The poster shows a woman screaming at the camera with her hands bound and rope around her torso and feet. It is captioned: “With the TGV, she would have suffered less.”
The adverts were displayed in Beziers, southern France, in December last year to draw attention to the arrival of TGV trans service.
Robert Menard, the far-right mayor of the town, defended his campaign and said critics of were too politically correct.
A legal challenge was brought by a number of feminist groups and the posters were condemned by France’s equality minister.
The backlash was further fuelled over claims the posters made light of the death of a woman whose husband tied her to train tracks before killing himself in a murder-suicide earlier that year.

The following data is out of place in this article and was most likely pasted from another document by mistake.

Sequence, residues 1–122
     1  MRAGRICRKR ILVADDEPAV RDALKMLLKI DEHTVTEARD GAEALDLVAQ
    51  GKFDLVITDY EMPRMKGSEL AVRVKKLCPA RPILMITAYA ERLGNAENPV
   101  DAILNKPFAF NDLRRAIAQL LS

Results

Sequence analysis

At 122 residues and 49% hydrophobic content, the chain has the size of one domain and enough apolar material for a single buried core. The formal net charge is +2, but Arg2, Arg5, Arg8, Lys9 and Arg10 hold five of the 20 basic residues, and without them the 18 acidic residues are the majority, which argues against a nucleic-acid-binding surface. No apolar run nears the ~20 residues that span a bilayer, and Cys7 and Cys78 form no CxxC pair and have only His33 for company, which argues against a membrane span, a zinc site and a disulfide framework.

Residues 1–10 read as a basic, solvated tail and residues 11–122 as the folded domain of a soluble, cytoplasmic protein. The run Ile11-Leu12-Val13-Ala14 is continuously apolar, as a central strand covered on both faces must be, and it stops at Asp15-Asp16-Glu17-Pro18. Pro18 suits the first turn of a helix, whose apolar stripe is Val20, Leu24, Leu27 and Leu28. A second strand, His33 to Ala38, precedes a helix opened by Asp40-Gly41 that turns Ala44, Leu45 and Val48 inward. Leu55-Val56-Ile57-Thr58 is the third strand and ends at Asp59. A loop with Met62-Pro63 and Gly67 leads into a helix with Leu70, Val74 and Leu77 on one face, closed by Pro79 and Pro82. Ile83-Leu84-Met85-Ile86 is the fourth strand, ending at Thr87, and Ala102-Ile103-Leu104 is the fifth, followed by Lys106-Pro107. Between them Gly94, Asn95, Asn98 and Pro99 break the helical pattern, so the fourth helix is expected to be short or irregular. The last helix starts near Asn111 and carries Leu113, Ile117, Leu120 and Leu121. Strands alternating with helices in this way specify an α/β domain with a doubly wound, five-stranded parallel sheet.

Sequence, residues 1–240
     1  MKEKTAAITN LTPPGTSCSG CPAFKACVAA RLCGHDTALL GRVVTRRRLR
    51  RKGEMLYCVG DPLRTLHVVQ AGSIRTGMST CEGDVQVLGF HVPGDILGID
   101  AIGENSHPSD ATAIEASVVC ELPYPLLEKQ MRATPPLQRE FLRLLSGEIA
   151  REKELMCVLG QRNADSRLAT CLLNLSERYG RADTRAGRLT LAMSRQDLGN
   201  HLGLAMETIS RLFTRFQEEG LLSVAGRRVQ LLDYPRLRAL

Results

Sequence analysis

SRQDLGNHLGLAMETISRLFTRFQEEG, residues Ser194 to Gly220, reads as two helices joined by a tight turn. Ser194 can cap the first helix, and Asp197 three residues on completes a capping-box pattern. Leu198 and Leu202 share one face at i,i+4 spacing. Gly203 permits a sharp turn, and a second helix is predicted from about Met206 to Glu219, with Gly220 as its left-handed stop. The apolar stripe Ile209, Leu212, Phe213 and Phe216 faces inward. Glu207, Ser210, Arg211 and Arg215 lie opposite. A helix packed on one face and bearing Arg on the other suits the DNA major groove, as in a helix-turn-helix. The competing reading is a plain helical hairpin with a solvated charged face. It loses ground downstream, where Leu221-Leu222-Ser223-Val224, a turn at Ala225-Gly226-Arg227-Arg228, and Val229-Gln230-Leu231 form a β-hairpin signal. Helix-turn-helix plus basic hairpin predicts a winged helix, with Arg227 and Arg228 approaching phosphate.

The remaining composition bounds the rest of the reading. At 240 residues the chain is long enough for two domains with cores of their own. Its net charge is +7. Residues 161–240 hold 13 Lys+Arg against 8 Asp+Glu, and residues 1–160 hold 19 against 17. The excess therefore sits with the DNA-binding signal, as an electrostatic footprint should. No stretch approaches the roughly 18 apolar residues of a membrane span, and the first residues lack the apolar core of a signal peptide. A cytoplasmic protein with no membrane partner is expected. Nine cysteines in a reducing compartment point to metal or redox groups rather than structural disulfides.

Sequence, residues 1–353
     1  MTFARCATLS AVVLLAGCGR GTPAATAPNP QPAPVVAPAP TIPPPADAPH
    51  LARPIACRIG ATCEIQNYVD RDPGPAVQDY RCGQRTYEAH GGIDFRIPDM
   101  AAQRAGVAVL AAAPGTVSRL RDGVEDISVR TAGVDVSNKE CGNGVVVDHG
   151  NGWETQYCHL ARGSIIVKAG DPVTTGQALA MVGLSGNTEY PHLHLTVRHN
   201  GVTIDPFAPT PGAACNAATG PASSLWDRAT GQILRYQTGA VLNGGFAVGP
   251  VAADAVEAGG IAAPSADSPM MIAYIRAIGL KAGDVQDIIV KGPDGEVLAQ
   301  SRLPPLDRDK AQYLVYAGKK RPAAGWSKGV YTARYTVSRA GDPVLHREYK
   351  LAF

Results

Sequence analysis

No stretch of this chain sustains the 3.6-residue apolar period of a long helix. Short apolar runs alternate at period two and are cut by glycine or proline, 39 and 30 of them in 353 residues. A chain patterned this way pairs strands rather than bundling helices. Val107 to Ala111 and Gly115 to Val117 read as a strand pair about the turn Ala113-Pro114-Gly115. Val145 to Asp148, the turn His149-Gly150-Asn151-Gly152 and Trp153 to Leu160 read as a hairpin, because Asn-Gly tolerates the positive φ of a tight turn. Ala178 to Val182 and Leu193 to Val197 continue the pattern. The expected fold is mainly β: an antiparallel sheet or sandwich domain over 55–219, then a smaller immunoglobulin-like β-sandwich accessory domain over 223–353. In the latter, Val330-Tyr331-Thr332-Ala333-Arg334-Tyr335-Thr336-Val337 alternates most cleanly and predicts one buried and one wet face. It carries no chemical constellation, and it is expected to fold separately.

Mother-of-two Emilie Hallouin’s body was found in pieces on the rails by police after the Paris-Nantes express, which was travelling at 200mph, performed an emergency stop in northern France.
Hallouin, 34, had recently separated from her husband. His body was found further along the tracks.
The court ruled that the ads were legal and although the posters were designed to provoke a reaction, they did not encourage violence against women.
Mr Menard said his posters followed in the footsteps of images of people tied to train lines in old films and cartoons.
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